The other day there were a bunch of nasty geese in our yard. (after being attacked by three geese decades ago, I have no love for these flying, pooping beasts 😝) I let our crazy dog, Dylan, out the door to chase them away. What I hadn’t noticed were the neighbor’s cats hanging out next to their house. Yep – Dylan ignored the geese and instead made a beeline for the cats. The cats ran into their house and Dylan followed, running up on the neighbor’s porch and trying to get in through the luckily-smaller-than-an-80-pound-dog cat door. Eeks! I hurried over there myself to find his butt hanging out that door and yanked him back to me. Great way to ingratiate ourselves to our relatively new neighbors, eh?

The geese enjoyed the show and didn’t move an inch.

I know better. When I let Dylan out, I normally hook him onto a long lead so he can run around, play, even chase squirrels up our big tree. He can’t go over the edge of the yard into the lake, take off wandering the neighborhood, and he certainly can’t make his way into the neighbor’s house cheerily ready to play (I like to think) with their pets.

We have a system we follow that works for everyone. Once we figured it out and when we use it.

* * * * *

Hopefully, you’ve never endangered a neighbor’s pet 😬 but, how many times have you:

  • Searched for a previous email so you could cut and paste the language into a new one?
  • Wondered what to post on your business social media pages?
  • Spent hours searching for invoices, receipts, bills, and statements to prepare your monthly business statements?

You’ve probably heard the statistic that only 50% of businesses will survive their 5th year and only 30% will see the 10th.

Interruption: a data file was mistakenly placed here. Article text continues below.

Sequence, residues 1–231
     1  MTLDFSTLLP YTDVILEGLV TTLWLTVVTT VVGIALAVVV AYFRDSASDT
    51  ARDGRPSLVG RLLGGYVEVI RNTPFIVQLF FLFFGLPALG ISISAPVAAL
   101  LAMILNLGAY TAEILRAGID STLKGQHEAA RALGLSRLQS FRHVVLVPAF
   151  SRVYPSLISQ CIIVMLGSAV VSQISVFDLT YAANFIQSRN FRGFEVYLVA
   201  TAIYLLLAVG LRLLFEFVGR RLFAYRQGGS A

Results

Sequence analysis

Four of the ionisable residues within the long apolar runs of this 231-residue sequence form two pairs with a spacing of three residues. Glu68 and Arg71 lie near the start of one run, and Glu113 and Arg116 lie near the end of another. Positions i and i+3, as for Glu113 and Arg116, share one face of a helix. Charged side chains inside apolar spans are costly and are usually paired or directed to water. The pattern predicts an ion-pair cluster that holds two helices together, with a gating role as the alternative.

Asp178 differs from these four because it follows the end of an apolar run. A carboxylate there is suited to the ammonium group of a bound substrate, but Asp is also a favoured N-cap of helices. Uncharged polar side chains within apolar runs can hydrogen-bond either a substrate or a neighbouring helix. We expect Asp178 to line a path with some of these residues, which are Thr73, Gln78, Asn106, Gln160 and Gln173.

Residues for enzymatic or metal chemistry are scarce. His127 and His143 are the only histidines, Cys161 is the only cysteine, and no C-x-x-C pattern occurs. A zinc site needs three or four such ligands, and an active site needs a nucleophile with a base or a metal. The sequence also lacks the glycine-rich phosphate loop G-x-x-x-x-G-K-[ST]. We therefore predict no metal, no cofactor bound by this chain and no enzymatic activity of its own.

There are many reasons for this. One important cause is most businesses don’t know how to control the overwhelm and chaos. As organizations grow, so do challenges and complexity. Without well-structured systems and processes in place, no organization – even a small microbusiness (under 10 employees) – can survive for very long.



  • Eliminate workplace inefficiencies,
  • Save you, your team, and business time and energy, and
  • Make it easier to train others.


  1. Identify where processes are needed. Where do you find yourself repeating tasks or projects on a regular basis? Create your list!

2. Identify key persons. Who is going to be using the process? It may just be you as the solo business owner/employee but often it involves others in your organization. Who better to help guide the development of a process than the people who are going to use the process in the end?

3. Research and invest in the right tools. By researching and investing in the right tools to automate parts of your processes, you can save your business time, money and effort—and make sure your process is as efficient as possible.

4. Document – Document – Document – the entire process from beginning to end. Try it out to see how the new system works. Tweak the process until it works like a well-oiled machine.

5. Implement. Once your new process is documented, it’s time to apply the process.

6. Evaluate and revise. Rarely are new systems perfect when first implemented. After an adequate period of implementation, take time to evaluate the system and revise it, if needed. Think continuous improvement.


Consider the following:

  • Marketing
  • Sales
  • Accounting
  • Project management
  • Product Research & Development
  • Quality Control
  • Product/Services Delivery
  • Inventory Management
  • Customer Service
  • Recruiting, Interviewing and Hiring
  • Employee Development and Training

🌟Where could YOU most use a process right now?🌟

Watch my Masterclass: Creating Business Systems to Help You Work Smarter for more detailed information

For help determining the best systems for you, let’s get on a call and chat!